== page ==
Technically, there’s a fourth state where shrines are unactivated, in which the player must do something to make them accessible at all. These include shrines that don’t appear until the quest is complete, ones whose entrances are blocked, or ones that aren’t lit up at all. I won’t be including this state in this discussion, as only select shrines have it.
Shrines that are discovered but not solved are not accounted for in Tears of the Kingdom. They have the exact same appearance as unsolved shrines, with a green and blue swirl above the shrine and a green border around the door.
|Shrine State||Shrine Appearance (Zelda: Tears of the Kingdom)|
|Undiscovered and unsolved||Green and blue swirl above the shrine, green door|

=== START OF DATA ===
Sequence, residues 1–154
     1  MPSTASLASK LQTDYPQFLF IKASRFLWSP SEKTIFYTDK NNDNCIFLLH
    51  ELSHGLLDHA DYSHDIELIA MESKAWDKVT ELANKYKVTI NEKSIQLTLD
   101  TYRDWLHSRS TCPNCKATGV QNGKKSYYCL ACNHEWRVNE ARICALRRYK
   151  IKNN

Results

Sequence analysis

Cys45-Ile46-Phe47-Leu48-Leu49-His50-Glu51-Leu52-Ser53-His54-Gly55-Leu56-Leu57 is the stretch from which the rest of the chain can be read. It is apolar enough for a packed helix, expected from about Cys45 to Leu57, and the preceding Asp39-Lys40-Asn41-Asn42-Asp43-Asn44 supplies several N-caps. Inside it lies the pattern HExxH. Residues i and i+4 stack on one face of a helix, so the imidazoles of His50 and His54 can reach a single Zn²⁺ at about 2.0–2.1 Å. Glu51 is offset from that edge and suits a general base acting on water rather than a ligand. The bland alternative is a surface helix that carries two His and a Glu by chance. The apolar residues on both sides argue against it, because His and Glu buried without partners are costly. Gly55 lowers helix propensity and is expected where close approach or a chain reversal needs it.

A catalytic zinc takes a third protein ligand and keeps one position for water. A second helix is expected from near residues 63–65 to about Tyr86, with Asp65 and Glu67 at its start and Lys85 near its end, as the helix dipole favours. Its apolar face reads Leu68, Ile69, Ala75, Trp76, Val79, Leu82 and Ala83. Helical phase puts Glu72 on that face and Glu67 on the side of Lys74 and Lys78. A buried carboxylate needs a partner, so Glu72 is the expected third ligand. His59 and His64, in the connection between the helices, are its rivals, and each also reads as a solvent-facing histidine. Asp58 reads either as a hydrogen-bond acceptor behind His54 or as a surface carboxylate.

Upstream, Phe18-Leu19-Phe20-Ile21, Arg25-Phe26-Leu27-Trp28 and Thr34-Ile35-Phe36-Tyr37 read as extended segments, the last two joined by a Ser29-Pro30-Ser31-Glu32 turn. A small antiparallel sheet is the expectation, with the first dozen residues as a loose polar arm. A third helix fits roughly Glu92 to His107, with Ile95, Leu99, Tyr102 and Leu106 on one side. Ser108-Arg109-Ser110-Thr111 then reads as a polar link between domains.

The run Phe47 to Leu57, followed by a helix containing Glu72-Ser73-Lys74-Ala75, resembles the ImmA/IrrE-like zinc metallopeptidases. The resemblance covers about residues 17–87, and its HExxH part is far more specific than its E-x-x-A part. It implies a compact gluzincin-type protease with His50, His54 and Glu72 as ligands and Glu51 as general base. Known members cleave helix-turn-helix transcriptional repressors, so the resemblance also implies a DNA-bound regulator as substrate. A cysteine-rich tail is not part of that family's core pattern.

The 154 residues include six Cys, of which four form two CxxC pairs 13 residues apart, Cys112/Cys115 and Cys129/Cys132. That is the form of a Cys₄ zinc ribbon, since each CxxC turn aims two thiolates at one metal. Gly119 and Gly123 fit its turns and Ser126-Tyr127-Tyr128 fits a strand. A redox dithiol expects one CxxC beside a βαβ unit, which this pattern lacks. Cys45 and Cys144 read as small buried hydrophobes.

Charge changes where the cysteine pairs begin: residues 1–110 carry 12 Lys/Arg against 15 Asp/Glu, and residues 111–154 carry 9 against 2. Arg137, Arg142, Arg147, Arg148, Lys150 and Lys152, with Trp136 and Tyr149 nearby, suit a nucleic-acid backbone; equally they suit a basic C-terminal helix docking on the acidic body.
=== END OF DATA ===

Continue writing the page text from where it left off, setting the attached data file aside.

|Discovered and unsolved|
|Discovered and solved||Green door only|
This is a step down from Breath of the Wild, which actually visually accounts for all three shrine states. This makes the shrines easy to distinguish, which is especially important to players like me who like to explore a bunch without completing the shrines as they find them.
|Shrine State||Shrine Appearance (Zelda: Breath of the Wild)|
|Undiscovered and unsolved||Top of shrine is unlit, bottom of shrine is orange|
|Discovered and unsolved||Top of shrine is orange, bottom of shrine is blue|
|Discovered and solved||Top and bottom of shrine are blue|
The three distinct shrine appearances in Breath of the Wild are a much better visual design. Not only do they match with the state of the object, they are also better visual cues in the world of Zelda.
Shrine Colours in The Legend of Zelda: Breath of the Wild and Tears of the Kingdom